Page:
Since I could not load my 769KB image since the limit is 100KB, please visualize a 2"x12" gable rafter overnotched at least 2/3 of the way through where the toe of the rafter extends like a 2"x4" to form the eave. Basically, about 3.5" resting on top plate of wall and a wide-open, nuttin’ but air kind of notch. House is 8 years old so no corrections to be made now. How would you write up the repair? Scab on board extending to end and then up to 2’ above notch? Thanks.
Recommend repair or correction by experienced, licensed general contractor.
Don’t engineer the repair. I know how it is, I want to do that all the time and have to remind myself not to for legal reasons.
2X12 rafter overnotched at whatever location. Recommend repairs by licensed framing contractor. Then off to the next inspection.
Thanks for simplifying the answer. Like you Bruce, I am inclined to give a remedy. This reduces the likelihood of having to stop and answer questions about found defects after the inspection. I appreciate the reply from you fellow members. I see that a non-member on the next thread got alot more responses for his question about basements. I kind of resent that since this board should enable an inspector to receive help from other inspectors. I won’t hesitate to jump in to assist you next time.
Sounds like you need Microsoft Powertoys Image Resizer.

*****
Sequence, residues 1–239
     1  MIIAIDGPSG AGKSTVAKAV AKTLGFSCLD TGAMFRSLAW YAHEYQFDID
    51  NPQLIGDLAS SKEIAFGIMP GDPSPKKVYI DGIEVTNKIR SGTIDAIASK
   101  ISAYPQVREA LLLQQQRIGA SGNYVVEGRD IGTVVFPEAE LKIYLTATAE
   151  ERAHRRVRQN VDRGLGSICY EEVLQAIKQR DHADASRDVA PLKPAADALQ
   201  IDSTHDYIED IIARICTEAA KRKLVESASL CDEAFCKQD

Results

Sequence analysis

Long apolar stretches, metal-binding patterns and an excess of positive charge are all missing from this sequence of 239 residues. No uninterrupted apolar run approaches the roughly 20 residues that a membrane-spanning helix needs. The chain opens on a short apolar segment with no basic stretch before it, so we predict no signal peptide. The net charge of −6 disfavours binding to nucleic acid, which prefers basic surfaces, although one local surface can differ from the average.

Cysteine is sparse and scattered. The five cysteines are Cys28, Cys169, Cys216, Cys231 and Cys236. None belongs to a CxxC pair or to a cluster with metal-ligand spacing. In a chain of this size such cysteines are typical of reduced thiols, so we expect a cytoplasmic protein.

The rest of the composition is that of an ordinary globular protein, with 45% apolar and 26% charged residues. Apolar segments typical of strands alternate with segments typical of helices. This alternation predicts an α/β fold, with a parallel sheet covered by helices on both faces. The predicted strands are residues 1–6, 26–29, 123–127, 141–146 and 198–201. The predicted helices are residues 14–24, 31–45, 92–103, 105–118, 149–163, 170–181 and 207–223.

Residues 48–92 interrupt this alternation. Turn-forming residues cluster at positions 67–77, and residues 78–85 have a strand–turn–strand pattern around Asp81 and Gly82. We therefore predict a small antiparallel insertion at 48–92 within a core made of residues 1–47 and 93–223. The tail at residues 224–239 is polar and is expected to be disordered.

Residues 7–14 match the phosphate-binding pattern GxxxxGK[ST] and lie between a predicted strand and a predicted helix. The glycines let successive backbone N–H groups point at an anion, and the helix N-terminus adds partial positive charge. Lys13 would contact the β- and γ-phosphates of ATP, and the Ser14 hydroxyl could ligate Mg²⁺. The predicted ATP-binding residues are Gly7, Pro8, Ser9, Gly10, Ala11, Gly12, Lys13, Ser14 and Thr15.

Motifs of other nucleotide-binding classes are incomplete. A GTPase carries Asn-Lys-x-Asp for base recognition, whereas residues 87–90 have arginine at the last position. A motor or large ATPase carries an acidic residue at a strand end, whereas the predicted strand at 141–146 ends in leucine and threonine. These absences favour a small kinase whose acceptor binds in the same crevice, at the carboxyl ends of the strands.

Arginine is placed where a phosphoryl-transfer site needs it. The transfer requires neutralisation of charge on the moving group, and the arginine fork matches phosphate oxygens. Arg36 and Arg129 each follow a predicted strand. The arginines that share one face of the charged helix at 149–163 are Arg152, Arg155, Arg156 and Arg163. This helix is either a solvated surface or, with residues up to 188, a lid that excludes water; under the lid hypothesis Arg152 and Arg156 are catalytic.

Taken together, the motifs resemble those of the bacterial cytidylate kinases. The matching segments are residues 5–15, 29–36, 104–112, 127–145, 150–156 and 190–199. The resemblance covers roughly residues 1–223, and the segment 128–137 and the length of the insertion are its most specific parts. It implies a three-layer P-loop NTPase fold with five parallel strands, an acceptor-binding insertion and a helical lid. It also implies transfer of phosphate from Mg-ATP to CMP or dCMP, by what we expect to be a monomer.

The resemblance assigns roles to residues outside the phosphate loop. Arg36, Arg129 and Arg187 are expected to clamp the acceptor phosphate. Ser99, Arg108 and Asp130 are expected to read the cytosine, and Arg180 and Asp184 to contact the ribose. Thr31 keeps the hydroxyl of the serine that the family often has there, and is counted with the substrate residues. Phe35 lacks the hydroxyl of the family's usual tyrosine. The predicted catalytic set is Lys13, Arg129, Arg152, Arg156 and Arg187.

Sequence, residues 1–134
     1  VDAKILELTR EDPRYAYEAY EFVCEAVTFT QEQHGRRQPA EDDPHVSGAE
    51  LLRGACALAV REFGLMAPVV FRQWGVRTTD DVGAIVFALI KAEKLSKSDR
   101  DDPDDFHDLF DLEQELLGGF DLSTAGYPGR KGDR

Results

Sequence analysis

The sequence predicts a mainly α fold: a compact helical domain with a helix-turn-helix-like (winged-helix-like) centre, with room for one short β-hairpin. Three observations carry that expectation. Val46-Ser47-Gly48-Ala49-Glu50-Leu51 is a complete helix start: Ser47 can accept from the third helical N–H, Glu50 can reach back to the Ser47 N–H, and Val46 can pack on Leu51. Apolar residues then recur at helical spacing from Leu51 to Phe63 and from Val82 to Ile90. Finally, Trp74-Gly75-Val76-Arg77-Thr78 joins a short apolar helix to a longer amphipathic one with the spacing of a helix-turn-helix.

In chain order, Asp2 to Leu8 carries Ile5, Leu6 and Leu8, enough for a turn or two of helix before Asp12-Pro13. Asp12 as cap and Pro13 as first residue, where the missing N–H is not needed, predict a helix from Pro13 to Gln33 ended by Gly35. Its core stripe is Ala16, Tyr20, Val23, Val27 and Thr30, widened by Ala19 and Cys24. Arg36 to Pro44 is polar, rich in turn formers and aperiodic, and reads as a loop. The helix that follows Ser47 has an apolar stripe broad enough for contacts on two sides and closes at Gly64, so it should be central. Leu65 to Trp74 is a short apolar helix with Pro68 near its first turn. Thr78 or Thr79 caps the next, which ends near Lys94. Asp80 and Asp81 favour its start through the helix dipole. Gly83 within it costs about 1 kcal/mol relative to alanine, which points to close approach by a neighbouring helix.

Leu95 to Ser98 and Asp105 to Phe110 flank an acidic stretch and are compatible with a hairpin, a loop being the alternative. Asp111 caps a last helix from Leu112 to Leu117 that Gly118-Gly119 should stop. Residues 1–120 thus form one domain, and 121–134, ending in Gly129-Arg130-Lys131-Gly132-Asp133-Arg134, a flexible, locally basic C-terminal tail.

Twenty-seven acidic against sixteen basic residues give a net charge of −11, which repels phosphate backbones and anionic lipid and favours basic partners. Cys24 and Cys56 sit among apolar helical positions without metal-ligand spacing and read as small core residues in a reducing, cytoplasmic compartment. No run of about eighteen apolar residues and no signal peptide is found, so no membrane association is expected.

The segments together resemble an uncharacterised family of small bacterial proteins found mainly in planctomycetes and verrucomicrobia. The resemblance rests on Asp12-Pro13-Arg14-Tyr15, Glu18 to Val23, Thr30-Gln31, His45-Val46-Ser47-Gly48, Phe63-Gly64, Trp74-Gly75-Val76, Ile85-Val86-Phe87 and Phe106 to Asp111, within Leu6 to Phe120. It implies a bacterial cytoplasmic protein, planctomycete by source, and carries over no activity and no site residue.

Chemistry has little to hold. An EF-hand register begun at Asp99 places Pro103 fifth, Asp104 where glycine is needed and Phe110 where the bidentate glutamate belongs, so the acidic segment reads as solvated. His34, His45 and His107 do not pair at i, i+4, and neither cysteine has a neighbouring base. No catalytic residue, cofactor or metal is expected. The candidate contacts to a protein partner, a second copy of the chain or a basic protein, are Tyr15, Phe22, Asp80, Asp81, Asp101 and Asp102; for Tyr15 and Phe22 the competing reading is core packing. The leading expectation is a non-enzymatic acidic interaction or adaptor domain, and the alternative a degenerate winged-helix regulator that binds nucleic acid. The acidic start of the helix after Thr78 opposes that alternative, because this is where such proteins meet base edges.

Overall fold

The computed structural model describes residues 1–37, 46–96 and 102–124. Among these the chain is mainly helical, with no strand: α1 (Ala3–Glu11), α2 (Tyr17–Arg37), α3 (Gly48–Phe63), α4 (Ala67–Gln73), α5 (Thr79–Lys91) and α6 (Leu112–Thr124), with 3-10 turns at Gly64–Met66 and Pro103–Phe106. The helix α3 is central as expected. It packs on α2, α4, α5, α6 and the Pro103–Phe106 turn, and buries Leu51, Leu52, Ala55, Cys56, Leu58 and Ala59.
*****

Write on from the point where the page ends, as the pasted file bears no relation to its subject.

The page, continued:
When you have high speed, large pictures aren’t a problem, but for the dial up guys it takes forever to download them, especially frustrating if the pictures are put into the post instead of posted as an external link.
Here’s some help for you about large pictures. It also uses up less of your hard disk space.
I resize 100 or so pictures from an inspection in about a minute. I resize Message Board Pictures to the 640x480 size or about 50 K.
The instructions below say it better than I can.
Short & sweet,
I open windows explorer,
find the folder with the pictures I want to resize,
select (or highlight) all the pictures I want resized (one or a hundred),
select “Resize Image” off the pop up menu,
choose picture size I want,
Click “Advanced” tab and select to resize originals,
Seconds later all the pictures are resized to the size I selected.
You can fit fourteen of the resized pictures in the same space your one 789 KB picture would take.
And the quality is acceptable for the message board.
for example. Fungus Amungus
Good luck, please keep sharing.
Thanks Erby. I’ll check it out. Was there a change between this board and the old board regarding posting photos? I did not get the chance to post as an external link. I’m using the same 5.0 megapixel camera I was using before, except now I can’t post a pic. I’ll try to get up to speed. Right now I’m still trying to figure out where the bubble in my new level is supposed to be positioned.
Erby’s right, Hank. Go grab the Powertoy for free. Almost as good as sliced bread, once you’ve worked with it, regardless of what size the images are when they slide out of your camera. You’ll wonder how you got along without it.